Applying Communication
 Introduction | Equivalent Expressions | Problem Reflection | Classroom Practice | Communication in Action | Classroom Checklist | Your Journal

When we have students work in small groups or as a class and share their thinking using gestures or other motions, materials, pictures, numbers, and words, they are communicating with and learning from one another. Communication, however, can also take place at the individual level as a result of reflecting on our own thinking. You did some very real communicating with yourself as you looked at each of these expressions and determined whether or not they were equivalent to 20. You even had to do some communicating to help yourself understand the error in your thinking if you selected any that were incorrect. So, while you did not formally communicate with another person, communication was happening as you completed this task.

The questions below will help you reflect on your thinking about the task you just completed. You might also think about each question in the context of planning for effective communication with and among your students. After you've formulated your responses, select "Show Answer" to see our sample responses.

 Question: How do the real-life situations posed in the activity help bring meaning to the operations in the expressions? Show Answer
 Our Answer: From the information in the word problem, one can draw a picture or make a model with concrete materials to represent the objects and actions in the problem. From that, you can connect the action in the problem to the operation and its symbolic representation. This is a much more powerful strategy than having students look for "key words" to solve a problem, as key words can often relate to more than one operation ("In all," for example, can actually refer to any operation). Focusing on the action when applying the concept reinforces the meaning of the operation.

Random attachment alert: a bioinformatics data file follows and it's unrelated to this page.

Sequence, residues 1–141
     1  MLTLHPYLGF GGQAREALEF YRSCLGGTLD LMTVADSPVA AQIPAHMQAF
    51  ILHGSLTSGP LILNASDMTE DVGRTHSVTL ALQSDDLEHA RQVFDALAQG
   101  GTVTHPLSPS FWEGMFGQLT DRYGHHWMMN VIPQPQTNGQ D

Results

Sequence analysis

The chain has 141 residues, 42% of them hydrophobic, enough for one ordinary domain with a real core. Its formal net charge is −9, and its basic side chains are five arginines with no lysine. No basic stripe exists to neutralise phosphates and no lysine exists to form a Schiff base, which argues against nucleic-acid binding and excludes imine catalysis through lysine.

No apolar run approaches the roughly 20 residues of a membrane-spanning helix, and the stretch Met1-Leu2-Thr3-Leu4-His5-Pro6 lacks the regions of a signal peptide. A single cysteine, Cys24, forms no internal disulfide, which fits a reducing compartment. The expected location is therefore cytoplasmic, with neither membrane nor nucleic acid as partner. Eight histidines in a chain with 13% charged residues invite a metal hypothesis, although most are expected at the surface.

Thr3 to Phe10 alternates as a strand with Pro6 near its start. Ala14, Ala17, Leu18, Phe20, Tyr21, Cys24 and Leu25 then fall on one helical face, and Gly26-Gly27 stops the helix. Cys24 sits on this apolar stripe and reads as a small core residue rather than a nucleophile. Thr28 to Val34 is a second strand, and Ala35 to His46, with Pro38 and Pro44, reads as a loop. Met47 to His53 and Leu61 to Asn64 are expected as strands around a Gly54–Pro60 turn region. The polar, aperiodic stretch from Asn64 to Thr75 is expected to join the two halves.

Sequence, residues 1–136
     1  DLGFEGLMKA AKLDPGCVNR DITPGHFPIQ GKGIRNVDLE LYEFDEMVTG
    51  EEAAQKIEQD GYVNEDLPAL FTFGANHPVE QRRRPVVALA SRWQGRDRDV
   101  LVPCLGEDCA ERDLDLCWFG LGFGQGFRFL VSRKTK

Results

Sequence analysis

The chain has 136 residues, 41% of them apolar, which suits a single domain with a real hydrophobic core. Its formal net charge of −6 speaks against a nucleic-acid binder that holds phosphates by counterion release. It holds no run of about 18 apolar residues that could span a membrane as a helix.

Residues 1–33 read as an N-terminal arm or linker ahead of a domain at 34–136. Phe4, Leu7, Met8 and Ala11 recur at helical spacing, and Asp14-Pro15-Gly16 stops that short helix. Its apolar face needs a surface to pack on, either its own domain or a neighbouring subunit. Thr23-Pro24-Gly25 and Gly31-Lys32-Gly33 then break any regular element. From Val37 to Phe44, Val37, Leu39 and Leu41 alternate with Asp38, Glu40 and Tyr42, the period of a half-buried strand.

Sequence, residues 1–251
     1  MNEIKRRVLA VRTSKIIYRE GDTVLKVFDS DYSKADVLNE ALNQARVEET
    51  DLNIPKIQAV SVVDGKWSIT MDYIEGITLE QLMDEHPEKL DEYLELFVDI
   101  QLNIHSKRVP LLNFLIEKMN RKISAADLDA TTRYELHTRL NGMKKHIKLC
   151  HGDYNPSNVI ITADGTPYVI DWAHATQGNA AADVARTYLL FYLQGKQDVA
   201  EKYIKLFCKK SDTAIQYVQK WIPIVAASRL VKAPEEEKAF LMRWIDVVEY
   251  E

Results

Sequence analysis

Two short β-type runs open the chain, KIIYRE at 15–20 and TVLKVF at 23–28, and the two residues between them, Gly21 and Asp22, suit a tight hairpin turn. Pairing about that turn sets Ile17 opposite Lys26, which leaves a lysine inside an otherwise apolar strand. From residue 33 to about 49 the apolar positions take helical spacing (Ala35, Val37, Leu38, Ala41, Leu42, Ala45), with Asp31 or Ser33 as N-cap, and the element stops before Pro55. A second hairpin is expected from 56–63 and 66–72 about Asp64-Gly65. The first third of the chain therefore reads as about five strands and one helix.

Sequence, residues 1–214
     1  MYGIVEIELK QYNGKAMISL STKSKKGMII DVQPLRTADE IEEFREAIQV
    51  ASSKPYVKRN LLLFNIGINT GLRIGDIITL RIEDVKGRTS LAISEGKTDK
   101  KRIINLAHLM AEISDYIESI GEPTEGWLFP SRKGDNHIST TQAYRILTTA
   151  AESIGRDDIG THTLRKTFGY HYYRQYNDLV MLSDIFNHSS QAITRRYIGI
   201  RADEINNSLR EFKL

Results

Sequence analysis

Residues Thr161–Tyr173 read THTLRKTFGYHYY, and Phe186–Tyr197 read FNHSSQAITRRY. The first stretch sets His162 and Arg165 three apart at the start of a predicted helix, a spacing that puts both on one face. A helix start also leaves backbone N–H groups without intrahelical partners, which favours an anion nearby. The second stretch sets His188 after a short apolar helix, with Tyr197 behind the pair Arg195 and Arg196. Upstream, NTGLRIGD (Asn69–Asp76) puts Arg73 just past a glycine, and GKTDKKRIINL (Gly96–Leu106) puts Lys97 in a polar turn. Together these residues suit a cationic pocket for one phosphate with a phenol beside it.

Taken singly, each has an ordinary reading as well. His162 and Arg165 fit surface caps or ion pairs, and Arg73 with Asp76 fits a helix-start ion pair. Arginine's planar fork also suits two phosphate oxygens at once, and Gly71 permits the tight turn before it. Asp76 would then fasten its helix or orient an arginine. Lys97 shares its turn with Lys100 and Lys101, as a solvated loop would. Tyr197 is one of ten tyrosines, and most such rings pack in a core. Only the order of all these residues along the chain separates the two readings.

Question: Take one of the expressions from the problem and write your own real-world story problem that it could represent. What do you need to understand about the meaning of the operation in order to write the problem? Show Answer
 Our Answer: You need to know what action the operation represents. In the case of the two-step (addition and multiplication) example, you need to know that the multiplication must take place before the addition.
 Question: What methods of communication can be used to explain your thinking about the meaning of a problem situation, or the meaning of an expression? What are the advantages of using more than one method? Show Answer
 Our Answer: You can use pictures, models, words, and numbers to communicate the strategies and mathematical concepts. Using more than one method of communication not only stretches and clarifies one's thinking, it can also help others gain a clearer understanding of your thought process.

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